Gabriel Byrne can’t walk a short block in New York City without real-life psychologists stopping him to applaud his “truthful” interpretation of a therapist in emotional crisis in “In Treatment,” HBO’s highly addictive nightly half-hour drama based on an Israeli format.
With a marriage hanging by a floss-thin thread, trouble with his kids and an unrequited longing for Laura (Melissa George), a beautiful, erotically charged patient who desperately pursues him, Byrne took on a handful in his turn as Dr. Paul Weston.
“One of the biggest challenges I had with this show is that I was required to play an entire role that is about reacting. It was a very difficult high-wire act for me to do. It was all uncharted territory, and, in a way, very much like televised radio,” explains Byrne, who, after working as an archaeologist and studying for the priesthood, discovered his passion for acting while performing lunchtime theater in Dublin.
And while Byrne says the only couch time he has ever logged has been on the upholstered furniture of the “Treatment” set, the actor intuits humanity’s collective ache for being heard, especially in a post-Sept. 11 atmosphere that begs for societal healing.
“It is a fundamental need in human beings to be listened to,” Byrne notes of Paul’s panacean influence on the five patients with whom we see him interact, “and there are people gifted with the power of being able to listen. To really, truly listen is a great compliment to pay another person, and to listen onscreen is a form of sophisticated acting.”
Where Paul does get to emote on his own terms is in his weekly sessions with his own therapist, Gina (Dianne Wiest).
“There’s a shift in the power boundaries,” says Byrne of his character’s oft-combative relationship with Gina, the one figure in whom we witness Paul confide, exposing his own naked shortcomings. “He has no answers himself. We have this idea in society that whoever is the healer is perfect and not subject to the same vagaries of human emotion that we all are. But what we find in these sessions is that the healer is also imperfect, frail and human.”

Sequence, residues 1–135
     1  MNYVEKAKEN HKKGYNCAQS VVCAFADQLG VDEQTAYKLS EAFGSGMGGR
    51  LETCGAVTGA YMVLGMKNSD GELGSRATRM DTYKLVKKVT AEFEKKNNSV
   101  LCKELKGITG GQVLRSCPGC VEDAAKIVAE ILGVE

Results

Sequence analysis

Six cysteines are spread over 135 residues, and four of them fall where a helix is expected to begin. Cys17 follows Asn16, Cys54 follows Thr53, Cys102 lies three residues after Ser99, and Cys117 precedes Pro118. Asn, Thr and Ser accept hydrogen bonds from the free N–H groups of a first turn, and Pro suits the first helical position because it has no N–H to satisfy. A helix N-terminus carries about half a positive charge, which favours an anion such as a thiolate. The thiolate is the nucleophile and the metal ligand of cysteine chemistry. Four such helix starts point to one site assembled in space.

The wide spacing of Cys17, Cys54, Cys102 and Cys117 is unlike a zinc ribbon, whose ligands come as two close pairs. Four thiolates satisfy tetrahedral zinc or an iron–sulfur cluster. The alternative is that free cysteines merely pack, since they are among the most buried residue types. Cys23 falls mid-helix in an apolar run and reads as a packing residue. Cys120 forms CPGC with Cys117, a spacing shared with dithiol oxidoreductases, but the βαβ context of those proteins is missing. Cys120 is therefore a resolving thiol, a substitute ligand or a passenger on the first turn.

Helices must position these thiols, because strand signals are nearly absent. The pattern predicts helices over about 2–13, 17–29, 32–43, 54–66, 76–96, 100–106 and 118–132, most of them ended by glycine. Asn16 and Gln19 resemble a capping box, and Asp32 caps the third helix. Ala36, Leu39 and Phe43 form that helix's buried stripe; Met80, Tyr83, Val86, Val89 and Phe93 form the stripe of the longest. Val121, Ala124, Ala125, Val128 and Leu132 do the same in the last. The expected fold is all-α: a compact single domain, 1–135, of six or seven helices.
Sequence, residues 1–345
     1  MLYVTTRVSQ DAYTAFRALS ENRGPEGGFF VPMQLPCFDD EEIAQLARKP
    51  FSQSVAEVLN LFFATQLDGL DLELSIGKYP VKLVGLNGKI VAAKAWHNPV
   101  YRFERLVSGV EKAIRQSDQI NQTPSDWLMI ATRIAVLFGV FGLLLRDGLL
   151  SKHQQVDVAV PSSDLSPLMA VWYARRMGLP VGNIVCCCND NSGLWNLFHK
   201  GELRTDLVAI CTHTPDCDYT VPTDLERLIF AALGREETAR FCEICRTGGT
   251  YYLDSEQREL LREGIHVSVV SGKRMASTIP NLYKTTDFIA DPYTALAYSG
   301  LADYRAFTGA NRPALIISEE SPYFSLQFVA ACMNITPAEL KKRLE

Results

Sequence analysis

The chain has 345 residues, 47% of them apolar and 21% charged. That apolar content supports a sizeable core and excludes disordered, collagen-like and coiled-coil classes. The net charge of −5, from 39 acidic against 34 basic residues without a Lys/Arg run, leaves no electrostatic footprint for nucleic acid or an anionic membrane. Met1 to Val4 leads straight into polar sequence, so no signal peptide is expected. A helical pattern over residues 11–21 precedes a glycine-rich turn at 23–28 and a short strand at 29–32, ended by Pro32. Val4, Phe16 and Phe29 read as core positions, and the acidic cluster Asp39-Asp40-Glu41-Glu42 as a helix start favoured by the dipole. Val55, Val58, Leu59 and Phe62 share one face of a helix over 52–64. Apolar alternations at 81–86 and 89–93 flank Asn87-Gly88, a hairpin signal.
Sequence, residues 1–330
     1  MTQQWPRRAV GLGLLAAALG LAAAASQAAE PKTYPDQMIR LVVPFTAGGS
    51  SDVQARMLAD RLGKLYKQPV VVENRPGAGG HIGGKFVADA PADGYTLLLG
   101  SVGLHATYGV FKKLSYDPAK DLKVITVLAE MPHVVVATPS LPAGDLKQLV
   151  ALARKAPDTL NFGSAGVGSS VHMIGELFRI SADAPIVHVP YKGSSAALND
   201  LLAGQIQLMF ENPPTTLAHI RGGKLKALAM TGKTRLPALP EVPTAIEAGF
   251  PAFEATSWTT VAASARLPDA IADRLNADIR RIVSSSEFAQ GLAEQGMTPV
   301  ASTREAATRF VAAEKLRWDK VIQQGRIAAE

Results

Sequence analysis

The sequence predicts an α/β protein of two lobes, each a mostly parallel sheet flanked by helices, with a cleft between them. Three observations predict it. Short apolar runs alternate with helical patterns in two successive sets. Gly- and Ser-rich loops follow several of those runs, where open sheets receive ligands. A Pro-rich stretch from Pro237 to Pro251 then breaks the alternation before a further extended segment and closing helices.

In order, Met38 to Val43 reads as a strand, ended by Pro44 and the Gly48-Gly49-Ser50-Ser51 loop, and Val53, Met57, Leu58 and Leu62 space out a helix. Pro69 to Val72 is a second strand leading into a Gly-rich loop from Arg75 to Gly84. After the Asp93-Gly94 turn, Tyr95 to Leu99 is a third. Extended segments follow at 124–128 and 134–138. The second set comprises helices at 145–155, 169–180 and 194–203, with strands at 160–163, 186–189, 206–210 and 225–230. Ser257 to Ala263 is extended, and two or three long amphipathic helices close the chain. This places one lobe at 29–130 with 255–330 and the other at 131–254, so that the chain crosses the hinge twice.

Favorite scene: “Throwing the coffee in Blair Underwood’s face was a risky moment. That was a personal choice as an actor. I said ‘OK, I’m going to do this.’ I wanted to make the point that this man is so invested that he transgresses and crosses the line and reacts as a human being.”
What you like most about your character: “That he’s flawed, angry, troubled, anxious and worried about getting older. He’s a man who gives himself to other people and puts himself at the service of other people.”
TV guilty pleasure: “I watched one episode of ‘Dr. Phil’ in preparation for the role, and what I realized was that they cut that program like it’s fiction. In follow-up, I said to the cast, ‘We have to cut fiction like it’s reality.’ I think that reality television has changed the nature of how people view fiction. People’s expectations of fictional narrative on TV has changed because now they can see something that’s real.”